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From: r1ccard0 (r1ccard0THE-PENTAGON.COM)
Date: Tue Mar 27 2001 - 13:49:06 CST

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    -=> Zero Tolerance Technologies (T) Security Advisory <=-

    Reference: ZTT-SA01-27032001
    Author: Richard Scott, r1ccard0the-pentagon.com

    Product: Computer Associates' CCC\Harvest Source Code
    control software

    High, Application superuser can be obtained.

    CCC\Harvest v5.0 running on NT\2000, could also apply to
    other platforms and versions.
    Discovered: 26th March 2001

    CCC Harvest is a tool that is used to audit and maintain
    access control to source code If the security mechanism is
    broken, source code can be modified and downloaded with
    little audit to trail.

    CCC Harvest has an authentication model that uses TCP to
    transmit the security credentials to the server for
    authentication. The encryption method used is susceptible
    to a chosen plaintext attack.
    Length of password does not increase the security. No
    feedback chaining is used to prevent repeated terms in the
    plaintext appearing in the ciphertext. A user could
    discover the superuser password in encrypted form and then
    apply character substitution to reveal the plaintext.

    Using a chosen plain text attack, the character substitution
    matrix can be constructed. Using this matrix, it is
    possible to simply look up each ciphertext character to
    reveal it's plaintext equivalent.

    The password that was captured using a network analyzer in
    encrypted form was:

    Using the matrix above, the resulting plain text would be:

    If other characters had been used, it's pretty easy to see
    how a plain text attack would extend, just feed in the ASCII
    character set and review the ciphertext that appears. The
    last few characters also reveal another weakness. The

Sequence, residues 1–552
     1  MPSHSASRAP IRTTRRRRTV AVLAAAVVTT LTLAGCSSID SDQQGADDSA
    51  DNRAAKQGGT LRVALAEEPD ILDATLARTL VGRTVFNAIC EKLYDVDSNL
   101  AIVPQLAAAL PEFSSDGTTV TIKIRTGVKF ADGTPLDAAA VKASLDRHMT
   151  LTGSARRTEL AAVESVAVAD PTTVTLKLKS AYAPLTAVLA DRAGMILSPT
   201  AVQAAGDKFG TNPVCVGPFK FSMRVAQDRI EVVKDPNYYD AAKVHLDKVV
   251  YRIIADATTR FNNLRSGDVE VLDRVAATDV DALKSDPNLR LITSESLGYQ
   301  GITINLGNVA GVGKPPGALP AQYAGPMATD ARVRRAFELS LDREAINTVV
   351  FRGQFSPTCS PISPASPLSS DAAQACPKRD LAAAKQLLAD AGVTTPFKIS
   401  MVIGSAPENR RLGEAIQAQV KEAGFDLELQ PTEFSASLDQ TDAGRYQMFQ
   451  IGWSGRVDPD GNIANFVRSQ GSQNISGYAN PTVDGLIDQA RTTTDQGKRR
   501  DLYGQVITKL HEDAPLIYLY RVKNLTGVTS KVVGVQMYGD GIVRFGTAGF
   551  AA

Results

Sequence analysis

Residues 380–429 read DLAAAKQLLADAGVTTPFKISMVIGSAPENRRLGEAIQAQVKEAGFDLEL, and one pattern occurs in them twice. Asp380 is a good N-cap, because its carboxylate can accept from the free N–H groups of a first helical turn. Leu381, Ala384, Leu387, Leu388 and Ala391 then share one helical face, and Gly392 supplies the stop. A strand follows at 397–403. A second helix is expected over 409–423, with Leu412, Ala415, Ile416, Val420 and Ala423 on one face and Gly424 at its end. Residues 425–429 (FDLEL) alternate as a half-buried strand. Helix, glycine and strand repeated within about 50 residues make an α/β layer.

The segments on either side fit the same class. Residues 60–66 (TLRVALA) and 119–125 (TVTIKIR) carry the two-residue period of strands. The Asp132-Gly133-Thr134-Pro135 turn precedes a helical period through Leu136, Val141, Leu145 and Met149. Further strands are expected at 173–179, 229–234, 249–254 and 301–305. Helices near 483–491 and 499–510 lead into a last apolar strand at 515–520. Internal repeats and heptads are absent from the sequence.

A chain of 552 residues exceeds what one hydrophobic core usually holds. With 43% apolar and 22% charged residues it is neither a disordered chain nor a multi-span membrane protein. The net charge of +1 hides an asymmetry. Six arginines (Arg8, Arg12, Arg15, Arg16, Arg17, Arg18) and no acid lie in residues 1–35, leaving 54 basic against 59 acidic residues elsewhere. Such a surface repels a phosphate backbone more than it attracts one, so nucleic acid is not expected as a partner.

algorithm that is being used, seems to take one character at
    a time, and doesn't use any loop back mechanism to prevent
    repeating terms in the plaintext occurring in the

    I've come across such attacks on numerous occasions, and it's the following
    premise that leads to this.

             " The password is encrypted, thus it must be secure"

    This isn't the case if the algorithm that is used, is weak. There are so
    much people can learn from this example.

    Vendor Notification:
    CCC\Harvest have been notified through their support system,
    found at : http://support.ca.com/a-g.html
    I've had a response that all they are willing to say is that
    this is the current mechanism. There may be some confusion
    as the extent of the exploit. But I've tried to notify them
    of the problem.

    Current research has led me to believe the following:
    1) the encryption key is hard coded in to the application
    2) the key is the same for all installations of

    As of 27-03-2001 CA are aware of the problem

    If CCC\Harvest supports NT authentication, it should be

    Changing the key is not a sufficient precaution to prevent
    this attack.

    Never use homebrew cryptography.

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